Tag: surprise billing

HHS Announces Rule To Protect Consumers From Surprise Medical Bills

HHS Reaches First Settlement with Local Government Over ...

The U.S. Departments of Health and Human Services (HHS), Labor, and Treasury, and the Office of Personnel Management, issued “Requirements Related to Surprise Billing; Part I,” an interim final rule that will restrict excessive out of pocket costs to consumers from surprise billing and balance billing. Surprise billing happens when people unknowingly get care from providers that are outside of their health plan’s network and can happen for both emergency and non-emergency care. Balance billing, when a provider charges a patient the remainder of what their insurance does not pay, is currently prohibited in both Medicare and Medicaid. This rule will extend similar protections to Americans insured through employer-sponsored and commercial health plans.

“No patient should forgo care for fear of surprise billing,” said HHS Secretary Becerra. “Health insurance should offer patients peace of mind that they won’t be saddled with unexpected costs.”

Among other provisions, today’s interim final rule:

  • Bans surprise billing for emergency services. Emergency services, regardless of where they are provided, must be treated on an in-network basis without requirements for prior authorization.
  • Bans high out-of-network cost-sharing for emergency and non-emergency services. Patient cost-sharing, such as co-insurance or a deductible, cannot be higher than if such services were provided by an in-network doctor, and any coinsurance or deductible must be based on in-network provider rates.
  • Bans out-of-network charges for ancillary care (like an anesthesiologist or assistant surgeon) at an in-network facility in all circumstances.
  • Bans other out-of-network charges without advance notice. Health care providers and facilities must provide patients with a plain-language consumer notice explaining that patient consent is required to receive care on an out-of-network basis before that provider can bill at the higher out-of-network rate.

These provisions will provide patients with financial peace of mind while seeking emergency care as well as safeguard them from unknowingly accepting out-of-network care and subsequently incurring surprise billing expenses.

Tackling surprise billing is critically important, as it often has devastating financial consequences for individuals and their families. Two-thirds exit disclaimer icon of all bankruptcies filed in the United States are tied to medical expenses. Researchers estimate that 1 of every 6 emergency room visits and inpatient hospital stays involve care from at least one out-of-network provider, resulting in surprise medical bills. And a 2019 study by the Government Accountability Office (GAO) – PDF, found that the median price charged by air ambulance providers ranged from $36,400 to more than $40,000, and over 70% of these transports were furnished out-of-network, meaning most or all costs fell to the insured individual alone. HHS, Labor, Treasury, and OPM are promulgating rules that will protect consumers from financial ruin simply because they could not ask for an in-network provider during their treatment.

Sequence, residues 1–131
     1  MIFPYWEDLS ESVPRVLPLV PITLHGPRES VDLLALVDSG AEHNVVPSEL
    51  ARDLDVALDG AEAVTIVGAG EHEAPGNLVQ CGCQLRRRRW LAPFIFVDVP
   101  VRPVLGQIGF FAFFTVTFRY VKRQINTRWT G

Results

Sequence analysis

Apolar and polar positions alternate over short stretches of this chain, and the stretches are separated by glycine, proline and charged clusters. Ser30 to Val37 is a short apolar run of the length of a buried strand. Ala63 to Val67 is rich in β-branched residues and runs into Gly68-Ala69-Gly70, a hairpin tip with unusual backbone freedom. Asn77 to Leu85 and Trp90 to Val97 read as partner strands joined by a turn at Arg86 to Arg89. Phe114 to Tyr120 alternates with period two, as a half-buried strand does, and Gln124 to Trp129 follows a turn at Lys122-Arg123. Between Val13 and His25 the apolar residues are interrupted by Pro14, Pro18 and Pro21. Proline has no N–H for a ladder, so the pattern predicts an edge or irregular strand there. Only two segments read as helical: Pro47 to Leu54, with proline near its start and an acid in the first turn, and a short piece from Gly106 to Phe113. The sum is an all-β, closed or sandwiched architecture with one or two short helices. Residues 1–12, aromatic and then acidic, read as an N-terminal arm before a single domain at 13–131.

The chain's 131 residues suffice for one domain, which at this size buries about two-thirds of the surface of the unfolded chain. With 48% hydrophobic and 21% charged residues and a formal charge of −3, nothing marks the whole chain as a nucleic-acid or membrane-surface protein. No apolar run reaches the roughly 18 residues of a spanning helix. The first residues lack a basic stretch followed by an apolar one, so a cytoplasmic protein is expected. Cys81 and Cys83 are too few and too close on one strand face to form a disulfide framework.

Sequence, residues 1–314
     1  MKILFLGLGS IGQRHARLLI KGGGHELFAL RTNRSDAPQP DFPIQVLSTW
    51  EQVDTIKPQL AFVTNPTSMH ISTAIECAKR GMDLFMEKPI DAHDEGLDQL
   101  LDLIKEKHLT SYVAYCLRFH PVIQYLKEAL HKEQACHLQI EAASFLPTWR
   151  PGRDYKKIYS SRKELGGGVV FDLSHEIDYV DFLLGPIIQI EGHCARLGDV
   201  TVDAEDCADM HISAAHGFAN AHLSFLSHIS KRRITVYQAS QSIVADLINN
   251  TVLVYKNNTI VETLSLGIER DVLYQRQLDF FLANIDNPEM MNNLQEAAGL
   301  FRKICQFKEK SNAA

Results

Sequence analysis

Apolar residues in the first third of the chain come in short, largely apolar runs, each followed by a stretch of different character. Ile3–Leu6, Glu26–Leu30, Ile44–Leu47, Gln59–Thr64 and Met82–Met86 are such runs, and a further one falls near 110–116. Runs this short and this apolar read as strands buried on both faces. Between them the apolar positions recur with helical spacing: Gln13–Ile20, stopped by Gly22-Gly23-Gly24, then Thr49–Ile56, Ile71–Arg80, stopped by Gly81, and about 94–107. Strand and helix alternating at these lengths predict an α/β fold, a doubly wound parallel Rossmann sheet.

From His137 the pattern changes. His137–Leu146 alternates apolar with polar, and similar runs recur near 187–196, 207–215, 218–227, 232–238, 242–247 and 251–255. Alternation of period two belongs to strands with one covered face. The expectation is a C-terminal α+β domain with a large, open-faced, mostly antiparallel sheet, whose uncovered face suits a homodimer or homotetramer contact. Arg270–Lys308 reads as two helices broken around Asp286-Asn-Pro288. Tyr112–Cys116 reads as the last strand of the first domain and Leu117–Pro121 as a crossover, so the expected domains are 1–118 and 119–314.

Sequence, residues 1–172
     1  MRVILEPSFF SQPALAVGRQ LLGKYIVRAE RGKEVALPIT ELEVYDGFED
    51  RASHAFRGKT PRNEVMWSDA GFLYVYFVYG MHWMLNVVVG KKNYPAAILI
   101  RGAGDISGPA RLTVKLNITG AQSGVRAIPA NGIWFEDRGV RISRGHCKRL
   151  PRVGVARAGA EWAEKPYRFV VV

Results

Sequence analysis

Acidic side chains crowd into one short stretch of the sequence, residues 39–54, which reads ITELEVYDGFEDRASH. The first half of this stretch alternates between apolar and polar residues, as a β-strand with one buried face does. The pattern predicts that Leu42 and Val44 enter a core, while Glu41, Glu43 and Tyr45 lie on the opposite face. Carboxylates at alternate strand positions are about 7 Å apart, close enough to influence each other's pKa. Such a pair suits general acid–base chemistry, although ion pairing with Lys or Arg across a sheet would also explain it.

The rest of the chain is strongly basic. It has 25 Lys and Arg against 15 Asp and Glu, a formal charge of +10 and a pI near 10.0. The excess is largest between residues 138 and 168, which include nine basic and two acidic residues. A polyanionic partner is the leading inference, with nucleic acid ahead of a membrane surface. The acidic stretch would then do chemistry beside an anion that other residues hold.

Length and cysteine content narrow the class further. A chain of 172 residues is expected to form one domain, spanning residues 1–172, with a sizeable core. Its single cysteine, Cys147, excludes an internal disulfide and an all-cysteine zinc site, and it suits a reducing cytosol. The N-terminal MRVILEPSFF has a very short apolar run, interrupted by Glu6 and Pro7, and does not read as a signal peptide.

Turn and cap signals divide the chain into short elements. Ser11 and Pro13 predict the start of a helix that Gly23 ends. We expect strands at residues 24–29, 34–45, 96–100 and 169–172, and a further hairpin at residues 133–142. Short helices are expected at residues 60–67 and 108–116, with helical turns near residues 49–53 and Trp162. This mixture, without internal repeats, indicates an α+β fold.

“No one should ever be threatened with financial ruin simply for seeking needed medical care,” said U.S. Secretary of Labor Marty Walsh. “Today’s Interim Final Rule is a major step in implementing the bipartisan No Surprises Act that will protect Americans from exorbitant health costs for unknowingly receiving care from out-of-network providers.”

“Facing a difficult medical situation is challenging enough – no one should then face a surprise medical bill when they get home,” said OPM Director Kiran Ahuja. “This interim rule helps to protect Americans from financial ruin and honors federal employees, retirees, their covered family members and other enrollees who receive healthcare through the FEHB Program, the largest employer-sponsored plan, by giving them new protections from unexpected medical bills.”

Today’s interim final rule with request for comments implements the first of several requirements passed with bipartisan support in title I (the “No Surprises Act”) of division BB of the Consolidated Appropriations Act, 2021. The regulations issued today will take effect for health care providers and facilities Jan. 1, 2022. For group health plans, health insurance issuers, and Federal Employees Health Benefits Program carriers, the provisions will take effect for plan, policy, or contract years beginning on or after Jan. 1, 2022.